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Summary

Summary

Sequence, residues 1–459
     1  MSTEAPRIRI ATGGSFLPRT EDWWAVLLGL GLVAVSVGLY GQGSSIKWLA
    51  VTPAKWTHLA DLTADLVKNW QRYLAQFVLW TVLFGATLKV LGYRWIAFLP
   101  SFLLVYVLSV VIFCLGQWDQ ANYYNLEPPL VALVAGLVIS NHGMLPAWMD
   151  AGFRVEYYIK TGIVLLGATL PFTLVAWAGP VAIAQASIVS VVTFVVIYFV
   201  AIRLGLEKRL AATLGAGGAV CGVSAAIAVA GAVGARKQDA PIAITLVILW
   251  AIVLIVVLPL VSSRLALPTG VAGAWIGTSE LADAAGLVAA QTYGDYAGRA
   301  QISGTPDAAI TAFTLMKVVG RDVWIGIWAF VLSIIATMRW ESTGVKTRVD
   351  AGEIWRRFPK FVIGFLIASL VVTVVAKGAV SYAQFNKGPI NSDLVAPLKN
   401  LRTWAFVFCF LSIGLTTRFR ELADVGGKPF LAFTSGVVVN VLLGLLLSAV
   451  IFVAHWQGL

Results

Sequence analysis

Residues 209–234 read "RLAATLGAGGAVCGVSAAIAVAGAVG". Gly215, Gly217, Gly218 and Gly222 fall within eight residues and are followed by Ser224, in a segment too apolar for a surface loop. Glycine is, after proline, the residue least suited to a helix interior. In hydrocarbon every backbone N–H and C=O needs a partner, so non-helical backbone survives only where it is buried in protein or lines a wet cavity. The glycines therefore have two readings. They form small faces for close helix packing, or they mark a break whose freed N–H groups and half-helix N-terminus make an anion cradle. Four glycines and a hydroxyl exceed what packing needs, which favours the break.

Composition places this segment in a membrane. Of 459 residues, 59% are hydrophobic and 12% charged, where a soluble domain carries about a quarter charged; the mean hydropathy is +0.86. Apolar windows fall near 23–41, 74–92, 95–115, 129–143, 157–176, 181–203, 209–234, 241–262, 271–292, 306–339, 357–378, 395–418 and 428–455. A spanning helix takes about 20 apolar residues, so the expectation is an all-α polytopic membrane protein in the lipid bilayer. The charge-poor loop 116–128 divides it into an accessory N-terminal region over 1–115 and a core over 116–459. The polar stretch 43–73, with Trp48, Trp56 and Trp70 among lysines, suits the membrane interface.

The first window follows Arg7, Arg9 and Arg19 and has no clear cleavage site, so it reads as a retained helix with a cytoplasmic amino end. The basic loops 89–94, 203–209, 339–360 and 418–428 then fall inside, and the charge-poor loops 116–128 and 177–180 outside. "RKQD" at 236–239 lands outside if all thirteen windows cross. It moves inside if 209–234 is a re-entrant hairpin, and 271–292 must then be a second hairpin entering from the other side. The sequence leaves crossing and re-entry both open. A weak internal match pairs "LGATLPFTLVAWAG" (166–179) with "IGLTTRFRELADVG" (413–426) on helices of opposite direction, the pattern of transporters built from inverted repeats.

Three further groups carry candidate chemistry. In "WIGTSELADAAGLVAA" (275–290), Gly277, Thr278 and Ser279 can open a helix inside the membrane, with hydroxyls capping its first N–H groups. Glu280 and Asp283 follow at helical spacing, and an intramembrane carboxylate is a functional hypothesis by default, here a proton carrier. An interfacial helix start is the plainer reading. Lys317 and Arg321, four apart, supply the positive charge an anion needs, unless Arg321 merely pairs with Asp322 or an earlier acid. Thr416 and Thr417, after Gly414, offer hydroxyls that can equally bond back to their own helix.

The aircraft departed Whyalla for Kalgoorlie, tracking via Olympic Dam to pick up passengers, then Forrest to refuel. Later in cruise, between Olympic Dam and Forrest, the pilot became aware of power fluctuations originating from the right engine which he attributed to a faulty density controller. At Forrest the aircraft was refuelled to its maximum capacity. After departure the pilot noted that the right engine manifold pressure and RPM indications lagged behind the left engine, and it also failed to obtain correct manifold pressure indications from 4,000 ft above mean sea level (AMSL), and higher. As the aircraft climbed through 5,000 ft AMSL, approximately 55 km west of Forrest, a passenger attracted the pilots attention to the right engine which he believed was on fire. The pilot noticed smoke and also thought he could see flames so immediately turned the aircraft back towards Forrest, advising Perth Flight Service of the situation. He set the right mixture control to "idle cut-off", then dived the aircraft to increase airspeed. This being a flight manual recommendation as a means to extinguish engine fires. After descending to about 3,000 ft AMSL the right propeller control was selected to the feather position, but the propeller failed to feather and continued to rotate. The pilot then made several more unsuccessful attempts to feather the propeller, but without having increased power to the left engine the airspeed decayed. The aircraft continued to descend to about 100 ft above ground level (AGL), but with the windmilling right propeller, and now using maximum power on the left engine, the pilot was unable to prevent the airspeed from further decreasing below the best single engine rate of climb speed while attempting to maintain level flight. About 26 km from Forrest the pilot realised that the aircraft would not maintain height any longer and elected to carry out a forced landing. The aircraft touched down on an uneven rocky surface, then after a ground roll of about 390 metres the landing gear collapsed. The aircraft slide for a further 20 metres, turning through 60 degrees to the right. The uninjured occupants evacuated the aircraft and walked about a kilometre to the railway line where they hailed and boarded a freight train, which had been alerted to their problem and enabled them to continue their journey to Kalgoorlie. There were no signs of a fire in the right engine compartment, but there was evidence that a considerable amount of oil had sprayed onto the exhaust pipes and surrounding structure etc near the turbocharger. The engine oil levels had been checked prior to departure from Whyalla, where they both indicated about 11 quarts. After the accident the right engine oil level was found to be 6 quarts. A test run of the right engine found it capable of developing normal power. Examination of the right turbocharger revealed it had a worn bearing seal which allowed oil to escape during engine operation. The right propeller blade angles appeared to have been in the normal operating range at impact, and further inspection of the propeller, after disassembly, indicated there was no pre-impact damage which could have prevented it feathering. Inspection of the aircraft maintenance log books showed that the constant speed unit (CSU) on the right engine had been installed for more than 1,000 hours beyond the approved overhaul period for this type of component. A bench test revealed its feathering operation to be very slow, apparently caused by the speeder spring lift rod being out of adjustment. The propeller pitch control lever was operated several times through its full range while the pilot attempted to feather the propeller, each occasion having the effect of re-starting the slow feathering cycle which possibly allowed the engine RPM to reduce to a speed where the latch mechanism engaged, preventing the propeller blades from moving to the feathered position. The induction manifold upper deck air sense hose to the turbocharger differential pressure controller was found to be charred, in poor condition and separated from its end fitting at the differential pressure controller attachment. A partially melted aluminium heat shield, located between the turbocharger and the hose, showed a definite pattern of a hot gas flow in a path from a leaking exhaust flange gasket at the turbocharger to the hose end fitting. This released the clamping pressure of the hose to the end fitting nipple, causing it to separate. The detached hose would have caused the power lagging and reduced manifold pressure as reported by the pilot. The hose was also found to be covered with oil from the leaking turbocharger seal, which when heated by the exhaust gases may have produced a flame as seen by the pilot and passenger. The smoke was caused by oil spraying onto the hot exhaust pipe surface. An incorrect empty weight was used on the trim sheet when calculating the weight and balance for this flight, allowing the aircraft to be loaded in excess of its maximum take-off weight on departure from Forrest. This may also have had an influence on the aircrafts inability to maintain height.
 
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